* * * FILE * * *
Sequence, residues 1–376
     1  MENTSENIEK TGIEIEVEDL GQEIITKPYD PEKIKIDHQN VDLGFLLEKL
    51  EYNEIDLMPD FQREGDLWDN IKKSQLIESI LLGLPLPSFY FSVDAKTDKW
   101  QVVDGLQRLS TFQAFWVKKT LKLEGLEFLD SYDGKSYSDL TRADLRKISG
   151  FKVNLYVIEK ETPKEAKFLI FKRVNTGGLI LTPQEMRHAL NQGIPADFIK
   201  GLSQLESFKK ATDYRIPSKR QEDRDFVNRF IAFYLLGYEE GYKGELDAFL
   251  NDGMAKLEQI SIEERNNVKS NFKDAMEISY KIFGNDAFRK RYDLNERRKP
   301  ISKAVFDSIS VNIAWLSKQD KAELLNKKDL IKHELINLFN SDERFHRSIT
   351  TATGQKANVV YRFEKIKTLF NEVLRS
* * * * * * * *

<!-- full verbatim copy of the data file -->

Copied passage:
Sequence, residues 1–376
     1  MENTSENIEK TGIEIEVEDL GQEIITKPYD PEKIKIDHQN VDLGFLLEKL
    51  EYNEIDLMPD FQREGDLWDN IKKSQLIESI LLGLPLPSFY FSVDAKTDKW
   101  QVVDGLQRLS TFQAFWVKKT LKLEGLEFLD SYDGKSYSDL TRADLRKISG
   151  FKVNLYVIEK ETPKEAKFLI FKRVNTGGLI LTPQEMRHAL NQGIPADFIK
   201  GLSQLESFKK ATDYRIPSKR QEDRDFVNRF IAFYLLGYEE GYKGELDAFL
   251  NDGMAKLEQI SIEERNNVKS NFKDAMEISY KIFGNDAFRK RYDLNERRKP
   301  ISKAVFDSIS VNIAWLSKQD KAELLNKKDL IKHELINLFN SDERFHRSIT
   351  TATGQKANVV YRFEKIKTLF NEVLRS